Moscow doesn’t see the current Afghan government as autonomous, and is trying to strike a balance between all the different forces at play there in order to retain its influence if one of those forces collapses.
Join us as Dan Balz, Norman Ornstein, and Danielle Pletka sit down with Aaron David Miller to discuss expected domestic and foreign policy in the Biden administration.
The coronavirus has devastated fragile and conflict-affected states, exacerbating suffering and, in some cases, shifting power dynamics in ways that are likely to influence politics or the conflicts even when the pandemic subsides.
Join us as General David Petraeus, Andrew Bacevich, and Frances Brown sit down with Aaron David Miller to explore the U.S. wars in Iraq and Afghanistan and the way out.
There is no better bulwark against a return of Taliban rule than an educated Afghan society that rejects the Taliban’s ideology. But that will require continued U.S. engagement, including military presence.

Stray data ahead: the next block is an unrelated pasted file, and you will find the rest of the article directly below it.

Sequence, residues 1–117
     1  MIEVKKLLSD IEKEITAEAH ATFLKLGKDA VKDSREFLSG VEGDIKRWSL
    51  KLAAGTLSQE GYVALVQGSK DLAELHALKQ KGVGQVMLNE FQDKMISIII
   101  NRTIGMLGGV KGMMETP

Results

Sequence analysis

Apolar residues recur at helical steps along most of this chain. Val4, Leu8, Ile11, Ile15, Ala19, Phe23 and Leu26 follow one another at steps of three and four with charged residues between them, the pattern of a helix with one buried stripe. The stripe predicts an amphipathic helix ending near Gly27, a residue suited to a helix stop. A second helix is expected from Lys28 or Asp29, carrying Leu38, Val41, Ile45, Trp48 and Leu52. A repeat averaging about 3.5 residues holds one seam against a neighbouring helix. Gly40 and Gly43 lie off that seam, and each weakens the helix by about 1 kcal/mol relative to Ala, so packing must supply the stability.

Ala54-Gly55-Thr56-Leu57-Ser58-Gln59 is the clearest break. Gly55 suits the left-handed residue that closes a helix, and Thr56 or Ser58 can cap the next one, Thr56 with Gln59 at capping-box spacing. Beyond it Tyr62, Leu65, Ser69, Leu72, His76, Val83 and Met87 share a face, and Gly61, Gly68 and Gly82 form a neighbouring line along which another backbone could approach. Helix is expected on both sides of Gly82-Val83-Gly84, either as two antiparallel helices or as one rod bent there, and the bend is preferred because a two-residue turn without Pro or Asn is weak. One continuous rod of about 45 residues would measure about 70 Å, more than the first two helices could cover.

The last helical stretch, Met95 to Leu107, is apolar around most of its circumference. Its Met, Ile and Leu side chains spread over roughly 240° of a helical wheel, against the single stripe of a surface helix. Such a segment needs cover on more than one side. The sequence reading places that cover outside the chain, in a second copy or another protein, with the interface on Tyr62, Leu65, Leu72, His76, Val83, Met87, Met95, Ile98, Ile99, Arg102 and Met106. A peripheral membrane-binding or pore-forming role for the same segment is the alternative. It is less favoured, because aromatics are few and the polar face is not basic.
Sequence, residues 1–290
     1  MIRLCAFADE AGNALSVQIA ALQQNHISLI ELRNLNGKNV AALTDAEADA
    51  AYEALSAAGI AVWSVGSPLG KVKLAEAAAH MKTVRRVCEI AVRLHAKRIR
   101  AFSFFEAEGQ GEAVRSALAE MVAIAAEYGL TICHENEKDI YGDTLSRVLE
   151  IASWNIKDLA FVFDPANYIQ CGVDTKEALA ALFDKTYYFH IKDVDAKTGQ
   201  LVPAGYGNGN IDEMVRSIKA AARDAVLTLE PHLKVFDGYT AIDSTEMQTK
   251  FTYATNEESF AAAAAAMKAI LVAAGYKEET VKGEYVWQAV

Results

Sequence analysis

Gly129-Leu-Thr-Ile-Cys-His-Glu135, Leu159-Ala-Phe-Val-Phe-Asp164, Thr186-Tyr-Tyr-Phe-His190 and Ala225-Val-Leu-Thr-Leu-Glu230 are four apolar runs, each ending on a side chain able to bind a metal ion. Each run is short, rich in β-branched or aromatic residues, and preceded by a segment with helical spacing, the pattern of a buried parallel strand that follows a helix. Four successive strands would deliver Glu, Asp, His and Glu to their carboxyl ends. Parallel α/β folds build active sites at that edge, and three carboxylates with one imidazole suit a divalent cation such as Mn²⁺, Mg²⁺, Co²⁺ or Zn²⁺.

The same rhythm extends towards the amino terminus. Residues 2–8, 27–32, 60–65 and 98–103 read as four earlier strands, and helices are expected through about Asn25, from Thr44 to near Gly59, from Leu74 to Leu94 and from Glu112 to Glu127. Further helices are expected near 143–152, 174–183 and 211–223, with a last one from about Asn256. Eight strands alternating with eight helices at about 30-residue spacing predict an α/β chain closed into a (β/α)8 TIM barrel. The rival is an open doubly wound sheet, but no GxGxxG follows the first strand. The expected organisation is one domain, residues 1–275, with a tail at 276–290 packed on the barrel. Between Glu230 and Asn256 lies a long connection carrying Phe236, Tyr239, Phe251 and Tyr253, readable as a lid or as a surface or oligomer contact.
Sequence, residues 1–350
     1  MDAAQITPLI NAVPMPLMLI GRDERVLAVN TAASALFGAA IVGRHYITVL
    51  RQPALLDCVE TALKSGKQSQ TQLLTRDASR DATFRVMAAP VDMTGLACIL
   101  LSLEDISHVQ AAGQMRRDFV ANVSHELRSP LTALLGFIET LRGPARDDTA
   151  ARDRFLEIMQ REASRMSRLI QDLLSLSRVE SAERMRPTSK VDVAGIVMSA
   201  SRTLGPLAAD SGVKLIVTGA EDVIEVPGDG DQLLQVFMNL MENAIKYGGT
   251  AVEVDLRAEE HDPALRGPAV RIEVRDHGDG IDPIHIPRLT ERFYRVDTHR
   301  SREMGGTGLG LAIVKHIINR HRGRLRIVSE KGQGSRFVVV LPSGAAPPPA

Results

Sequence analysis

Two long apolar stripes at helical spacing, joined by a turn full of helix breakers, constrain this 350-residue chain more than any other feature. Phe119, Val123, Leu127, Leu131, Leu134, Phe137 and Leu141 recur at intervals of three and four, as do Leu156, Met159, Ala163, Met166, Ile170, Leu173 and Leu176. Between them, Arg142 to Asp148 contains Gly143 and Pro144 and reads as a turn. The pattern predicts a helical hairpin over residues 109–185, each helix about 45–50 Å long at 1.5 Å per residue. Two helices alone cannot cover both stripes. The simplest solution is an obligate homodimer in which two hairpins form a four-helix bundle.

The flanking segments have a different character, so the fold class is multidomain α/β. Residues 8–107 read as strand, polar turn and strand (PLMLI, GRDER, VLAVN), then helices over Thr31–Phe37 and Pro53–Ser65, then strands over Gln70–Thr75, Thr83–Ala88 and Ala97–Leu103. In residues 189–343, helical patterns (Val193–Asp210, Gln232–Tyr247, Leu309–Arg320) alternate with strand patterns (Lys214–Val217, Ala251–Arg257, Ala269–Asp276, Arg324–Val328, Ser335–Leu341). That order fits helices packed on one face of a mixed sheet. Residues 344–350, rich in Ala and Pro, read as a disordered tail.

The event will feature remarks by William J. Burns, Ann Kerr, and Maha Yahya, followed by a conversation between Jihad Azour, Marwan Muasher, Ben Rhodes, and Christiane Amanpour looking toward the ten-year anniversary of the Arab Spring.
Thousands of families are fleeing their homes as heavy fighting between government forces and the Taliban rages in Afghanistan's Helmand province.
Most anti-state revolts across the Indian subcontinent have now been crushed, demobilized, or contained. Yet beneath that surface, state coercive power remains contested.
With the United States set to leave Afghanistan, India’s involvement there may be at risk. India needs to update its priorities to prepare for this change.
In South Asia, the coronavirus pandemic is at once a public health crisis, an economic crisis, and a humanitarian crisis.